Chapter 97 My baby keeps closing one eye
The child who closes one eye can cause considerable anxiety to the parents, and pose a diagnostic conundrum. The presentation could be in the acute clinical setting or as a chronic symptom, and the symptoms may be intermittent.
The history includes which eye is involved, duration and frequency of symptoms, aggravating factors such as bright lights,1 cold windy weather, stressful situations, and relieving factors, if any. Associated symptoms such as redness and watering are relevant. A history of trauma must be sought.
With the direct ophthalmoscope on +4 D magnification it is useful to assess corneal and media clarity followed by slit lamp examination. A drop of short-acting topical anesthetic such as proxymetacaine 0.5%, with or without fluorescein, may facilitate the examination. If no cause is evident, dilated fundus examination is warranted. Tonometry (see Chapters 7 and 37) can be difficult in the acute setting, but the advent of the I-care tonometer has made this easier. Other useful maneuvers include examining the younger child when feeding or asleep.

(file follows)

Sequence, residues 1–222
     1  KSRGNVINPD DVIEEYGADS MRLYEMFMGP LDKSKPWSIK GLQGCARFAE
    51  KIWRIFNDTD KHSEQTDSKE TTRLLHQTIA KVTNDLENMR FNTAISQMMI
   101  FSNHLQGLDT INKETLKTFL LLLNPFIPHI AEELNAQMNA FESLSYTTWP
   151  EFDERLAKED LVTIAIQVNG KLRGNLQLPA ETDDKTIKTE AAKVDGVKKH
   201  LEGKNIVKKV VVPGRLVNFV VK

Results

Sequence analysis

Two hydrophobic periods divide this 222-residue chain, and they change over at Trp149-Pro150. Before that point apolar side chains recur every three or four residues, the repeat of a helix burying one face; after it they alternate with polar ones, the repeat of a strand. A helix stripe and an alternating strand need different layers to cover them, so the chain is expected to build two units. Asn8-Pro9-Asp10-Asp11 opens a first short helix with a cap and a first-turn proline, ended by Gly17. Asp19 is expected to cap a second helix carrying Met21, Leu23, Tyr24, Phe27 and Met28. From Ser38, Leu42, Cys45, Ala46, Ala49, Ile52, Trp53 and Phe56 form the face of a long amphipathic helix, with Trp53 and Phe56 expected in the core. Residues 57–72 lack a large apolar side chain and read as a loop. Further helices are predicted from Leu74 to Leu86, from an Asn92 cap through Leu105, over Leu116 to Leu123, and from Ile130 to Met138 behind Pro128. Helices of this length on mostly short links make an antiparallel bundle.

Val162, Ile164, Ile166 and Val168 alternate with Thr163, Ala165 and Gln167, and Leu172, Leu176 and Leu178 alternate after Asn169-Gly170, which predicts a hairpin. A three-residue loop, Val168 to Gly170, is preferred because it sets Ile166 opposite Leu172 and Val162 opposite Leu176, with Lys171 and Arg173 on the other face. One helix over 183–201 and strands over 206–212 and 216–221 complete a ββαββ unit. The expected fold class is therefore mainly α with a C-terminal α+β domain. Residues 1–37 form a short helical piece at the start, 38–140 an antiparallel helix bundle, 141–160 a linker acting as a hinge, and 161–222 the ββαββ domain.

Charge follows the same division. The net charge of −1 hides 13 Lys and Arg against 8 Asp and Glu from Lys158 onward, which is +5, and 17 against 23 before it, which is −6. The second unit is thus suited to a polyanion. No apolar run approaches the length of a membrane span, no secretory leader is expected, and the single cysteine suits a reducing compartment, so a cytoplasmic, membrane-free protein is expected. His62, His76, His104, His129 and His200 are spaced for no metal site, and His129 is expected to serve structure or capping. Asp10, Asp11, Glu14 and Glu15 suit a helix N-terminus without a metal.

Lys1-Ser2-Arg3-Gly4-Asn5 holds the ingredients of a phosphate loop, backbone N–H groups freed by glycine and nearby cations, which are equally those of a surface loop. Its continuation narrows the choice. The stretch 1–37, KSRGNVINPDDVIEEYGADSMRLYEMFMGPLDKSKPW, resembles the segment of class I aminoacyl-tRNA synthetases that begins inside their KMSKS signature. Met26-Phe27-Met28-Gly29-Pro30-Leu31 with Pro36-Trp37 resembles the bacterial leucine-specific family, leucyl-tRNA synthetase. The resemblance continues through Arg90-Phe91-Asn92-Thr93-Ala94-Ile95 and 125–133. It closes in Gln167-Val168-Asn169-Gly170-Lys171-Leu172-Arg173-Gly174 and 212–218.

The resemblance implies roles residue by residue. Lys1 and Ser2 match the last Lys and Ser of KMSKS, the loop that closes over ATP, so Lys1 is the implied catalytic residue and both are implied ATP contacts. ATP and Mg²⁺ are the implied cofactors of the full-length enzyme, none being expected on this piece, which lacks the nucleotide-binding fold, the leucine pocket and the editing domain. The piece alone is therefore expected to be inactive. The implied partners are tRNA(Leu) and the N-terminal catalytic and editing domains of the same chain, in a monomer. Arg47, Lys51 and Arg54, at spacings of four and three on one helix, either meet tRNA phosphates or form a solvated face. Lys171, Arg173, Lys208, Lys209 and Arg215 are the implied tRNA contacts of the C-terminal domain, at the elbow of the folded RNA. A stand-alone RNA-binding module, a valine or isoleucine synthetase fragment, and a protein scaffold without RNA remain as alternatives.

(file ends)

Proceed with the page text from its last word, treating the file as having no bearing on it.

If an adequate examination is impossible, and it is important to exclude a foreign body, uveitis or glaucoma in the presence of an unexplained red eye, examination under anesthetic or sedation may be needed.
The common causes in the acute setting are given in Box 97.1. The child is often distressed, usually seen in the emergency department, and examination might be difficult. The commonest cause is a corneal abrasion or foreign body, less common is infective keratitis (see Chapter 15). Fluorescein staining is very useful in these situations. It is important to evert the lids and look for subtarsal foreign bodies if multiple linear abrasions are seen.
Causes of unilateral eye closure